Poultry in Urbania

A group all about how to keep poultry including chickens, bantams,geese and ducks. Help with problems or questions and to brag about your special feathered friends.

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Latest Activity: Feb 18, 2017

Discussion Forum

Local Organic Chicken Feed 14 Replies

Started by Susie. Last reply by Tracey Waterreus Nov 13, 2015.

Chicken lice - Organic solutions 3 Replies

Started by Damian Cinereus Veneficus Mair. Last reply by Andrea Graves Sep 25, 2014.

Dealing with a muddy run 7 Replies

Started by Nigel Thomson. Last reply by Andrea Graves Sep 22, 2014.

Comment Wall


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Comment by josephal on November 11, 2011 at 2:30pm

Are leghorns suitable chooks for young families?

Comment by Laura Bylsma on November 11, 2011 at 1:46pm

I recently got a couple of light sussex and a couple of leghorns. They've all been great layers so far, but the light sussex tend to make a bit more noise in my (limited) experience. I cringe at what the poor neighbours must think at 5am some mornings!

Comment by josephal on November 11, 2011 at 9:27am

Maybe chickens are liked people and have their own personalities :)

Comment by Kelly Hobbs on November 11, 2011 at 9:05am

I have four urban chickens, all heritage breeds. My orpington is the best layer but she is the noisiest and the most aggressive. Perhaps she isn't the best example of her breed. Also I find that since she has so many fluffy feathers, she can get a bit daggy around her vent and I've had to give the feathers there a trim. My light sussex is quiet and a good layer of really big eggs. My barred rock is also quiet and a good layer but goes broody more often. My araucana is my favourite she is the quietest and most friendly. She goes broody at the drop of a hat though. If I were to replace my flock I would get all smaller size birds like araucana as I find them easier to deal with and less destructive. : )


Comment by Denise on November 11, 2011 at 8:25am

Hi Bev, 

I have urban chickens in a similar context (orpingtons, barnevelders and light sussex) and agree with Kate that the orpingtons are the quietest. I would say my light sussex are better layers though! The barnevelders are also good layers but less friendly and go clucky more in my experience. Mind you my barnevelders did come from the bush so that probably has something to do with it - one in particular is quite wild! 

Comment by Kate Jury on November 11, 2011 at 7:49am

Hi Bev,

Having had all of the breeds you listed except the barnevelders, I would say the orpingtons would be the quietest.  I currently have two black orpingtons and a blue orpington and they are extremely quiet compared to my light sussex.  I used to have a wyandotte, and yes, she was aggressive.  I also used to have some barred rocks - nice birds, similar in temperament to the light sussex.  Hope that helps in some way.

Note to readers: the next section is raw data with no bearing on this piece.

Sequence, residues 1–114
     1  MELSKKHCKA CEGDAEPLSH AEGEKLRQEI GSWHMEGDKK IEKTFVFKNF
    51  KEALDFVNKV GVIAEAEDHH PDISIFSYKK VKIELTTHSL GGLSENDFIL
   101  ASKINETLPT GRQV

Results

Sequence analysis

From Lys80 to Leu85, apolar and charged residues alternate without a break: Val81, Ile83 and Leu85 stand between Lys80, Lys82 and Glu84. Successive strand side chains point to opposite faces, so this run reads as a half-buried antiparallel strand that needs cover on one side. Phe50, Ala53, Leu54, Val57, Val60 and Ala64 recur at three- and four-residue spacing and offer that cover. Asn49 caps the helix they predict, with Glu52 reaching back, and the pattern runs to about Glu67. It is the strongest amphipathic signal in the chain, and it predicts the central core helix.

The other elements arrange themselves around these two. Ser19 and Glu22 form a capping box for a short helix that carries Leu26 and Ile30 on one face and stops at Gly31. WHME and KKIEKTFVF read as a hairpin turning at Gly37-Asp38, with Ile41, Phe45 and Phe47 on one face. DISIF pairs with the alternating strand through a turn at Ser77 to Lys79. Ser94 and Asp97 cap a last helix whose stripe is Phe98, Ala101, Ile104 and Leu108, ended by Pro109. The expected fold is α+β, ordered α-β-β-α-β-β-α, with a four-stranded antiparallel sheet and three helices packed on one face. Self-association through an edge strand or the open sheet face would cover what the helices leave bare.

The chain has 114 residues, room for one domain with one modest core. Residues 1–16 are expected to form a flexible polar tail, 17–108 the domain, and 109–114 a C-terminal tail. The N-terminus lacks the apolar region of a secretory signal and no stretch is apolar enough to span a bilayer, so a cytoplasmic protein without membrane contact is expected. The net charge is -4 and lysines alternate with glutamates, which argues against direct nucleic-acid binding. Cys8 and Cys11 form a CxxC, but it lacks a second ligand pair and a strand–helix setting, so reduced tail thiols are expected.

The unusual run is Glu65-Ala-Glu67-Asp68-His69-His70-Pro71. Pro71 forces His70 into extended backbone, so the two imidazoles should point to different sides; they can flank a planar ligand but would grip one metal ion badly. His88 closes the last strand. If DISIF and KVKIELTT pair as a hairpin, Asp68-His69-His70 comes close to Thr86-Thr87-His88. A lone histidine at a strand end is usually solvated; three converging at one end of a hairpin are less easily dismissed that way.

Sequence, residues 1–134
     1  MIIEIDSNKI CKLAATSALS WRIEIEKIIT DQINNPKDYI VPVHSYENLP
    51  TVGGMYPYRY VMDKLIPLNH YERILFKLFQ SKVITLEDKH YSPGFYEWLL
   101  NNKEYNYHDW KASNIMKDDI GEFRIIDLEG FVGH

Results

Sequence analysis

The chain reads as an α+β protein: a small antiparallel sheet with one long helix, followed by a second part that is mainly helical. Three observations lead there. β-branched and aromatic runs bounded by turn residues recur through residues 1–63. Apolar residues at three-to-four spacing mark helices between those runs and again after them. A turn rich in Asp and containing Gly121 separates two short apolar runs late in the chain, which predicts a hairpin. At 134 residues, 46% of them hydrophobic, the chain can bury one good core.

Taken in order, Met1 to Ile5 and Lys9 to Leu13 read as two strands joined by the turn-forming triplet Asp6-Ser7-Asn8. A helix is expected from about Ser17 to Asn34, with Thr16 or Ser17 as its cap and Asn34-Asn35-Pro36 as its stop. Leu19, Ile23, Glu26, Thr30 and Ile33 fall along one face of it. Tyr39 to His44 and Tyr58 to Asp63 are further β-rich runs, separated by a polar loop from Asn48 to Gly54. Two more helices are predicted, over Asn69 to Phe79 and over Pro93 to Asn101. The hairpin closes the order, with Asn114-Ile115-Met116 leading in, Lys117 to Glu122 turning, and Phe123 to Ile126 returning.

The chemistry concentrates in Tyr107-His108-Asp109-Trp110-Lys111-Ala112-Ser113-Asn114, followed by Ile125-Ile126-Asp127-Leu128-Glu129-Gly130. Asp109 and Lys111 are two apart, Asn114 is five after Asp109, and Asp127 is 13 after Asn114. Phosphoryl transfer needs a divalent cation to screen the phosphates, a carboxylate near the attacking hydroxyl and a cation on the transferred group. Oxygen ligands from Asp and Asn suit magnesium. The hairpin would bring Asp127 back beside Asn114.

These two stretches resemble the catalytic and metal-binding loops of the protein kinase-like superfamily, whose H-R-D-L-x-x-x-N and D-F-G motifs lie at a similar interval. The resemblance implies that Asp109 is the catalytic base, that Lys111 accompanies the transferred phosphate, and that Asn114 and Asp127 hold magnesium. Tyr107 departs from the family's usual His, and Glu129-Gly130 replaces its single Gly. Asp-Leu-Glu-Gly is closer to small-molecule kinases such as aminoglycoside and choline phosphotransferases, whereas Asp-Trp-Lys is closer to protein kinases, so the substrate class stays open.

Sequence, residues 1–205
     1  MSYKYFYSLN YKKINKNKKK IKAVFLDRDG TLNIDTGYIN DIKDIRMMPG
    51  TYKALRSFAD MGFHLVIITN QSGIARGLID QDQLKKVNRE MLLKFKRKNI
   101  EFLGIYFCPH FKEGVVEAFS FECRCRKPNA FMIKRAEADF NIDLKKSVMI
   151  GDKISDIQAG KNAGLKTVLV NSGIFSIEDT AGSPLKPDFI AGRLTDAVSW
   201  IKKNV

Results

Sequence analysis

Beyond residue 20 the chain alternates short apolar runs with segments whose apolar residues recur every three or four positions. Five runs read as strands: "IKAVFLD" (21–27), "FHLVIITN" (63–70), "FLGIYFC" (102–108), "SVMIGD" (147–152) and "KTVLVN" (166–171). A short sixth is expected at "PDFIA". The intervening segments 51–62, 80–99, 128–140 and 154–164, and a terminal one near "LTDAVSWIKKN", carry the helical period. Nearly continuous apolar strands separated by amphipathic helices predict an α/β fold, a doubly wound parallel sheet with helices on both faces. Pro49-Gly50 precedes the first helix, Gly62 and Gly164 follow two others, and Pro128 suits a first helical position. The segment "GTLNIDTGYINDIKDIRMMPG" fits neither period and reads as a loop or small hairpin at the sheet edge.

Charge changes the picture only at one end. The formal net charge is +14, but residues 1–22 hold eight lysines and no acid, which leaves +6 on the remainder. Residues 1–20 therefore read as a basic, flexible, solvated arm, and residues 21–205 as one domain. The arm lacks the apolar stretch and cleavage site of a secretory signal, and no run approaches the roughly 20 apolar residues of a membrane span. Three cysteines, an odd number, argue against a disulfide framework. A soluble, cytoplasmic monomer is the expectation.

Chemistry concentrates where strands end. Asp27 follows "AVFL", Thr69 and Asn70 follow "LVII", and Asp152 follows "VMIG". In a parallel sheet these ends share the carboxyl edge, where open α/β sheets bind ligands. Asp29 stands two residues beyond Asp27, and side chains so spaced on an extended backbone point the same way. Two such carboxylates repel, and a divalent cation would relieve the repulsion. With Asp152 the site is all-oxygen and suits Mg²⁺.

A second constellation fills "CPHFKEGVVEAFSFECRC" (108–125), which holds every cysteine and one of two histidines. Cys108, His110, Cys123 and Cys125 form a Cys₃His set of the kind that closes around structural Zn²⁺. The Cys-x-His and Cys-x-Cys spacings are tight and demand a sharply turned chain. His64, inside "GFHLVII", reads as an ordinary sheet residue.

Comment by Bev G on November 10, 2011 at 11:57pm

Quieter Breeds?

I'm still in the planning stages of getting my first chickens and trying to decide which breed would be most suitable for me. I have a very small suburban backyard with close neighbours. The friendly council inspector has said I can have two or three chickens but suggested I should opt for one of the quieter breeds. My preference is for the heavier heritage breeds - Silver Laced Wyandotte, Barnevelders, Barred Rocks, Light Sussex or Orpingtons. My first choice was the Wyandottes but someone has told me they can be aggressive and recommended Barnevelders. Any suggestions or comments, particularly re the noise factor but also taking in to consideration that I am an absolute novice? They'll be part-time free rangers, somewhat dependant on how well my Scottish Terrier tolerates them!

Comment by Natasha Bagley on November 8, 2011 at 9:30am

Pics of my rescued battery hens on the first day in their new home if anyone is interested


Comment by Natasha Bagley on November 8, 2011 at 9:28am

Hi poultry lovers. I got four rescued battery farm hens last week and they have been settling into their new home in my back garden. They all appear to be eating and drinking well. They are dust bathing, scratching, flapping etc.. so seem to be quite happy..oh and laying an egg a day each. One thing I have noticed though is they are not using the perches. I know they would not have had perches in the farm and I did lift a couple of them up onto the perches on the first night, but how important is it that they actually sleep there?


I have two nesting boxes and at present all four of them seem to be trying to sleep in the same one! I wonder if they are cold as the weather has been quite rubbish this week and they are missing a lot of feathers. Any ideas on making them warmer or whether I let them keep sleeping in the nesting boxes? They currently have a wooden house with shavings and hay. Thanks

Comment by kathryn kneepkens on November 8, 2011 at 9:15am

Hi Tim, Last night was the first night, I have put all the chickens in the one house, all seems to have gone well. 

As for sexing the young birds, Yes I think, to be sure, you have to wait.

They love getting into the veg garden. had to rescue my beans and corn from them. 



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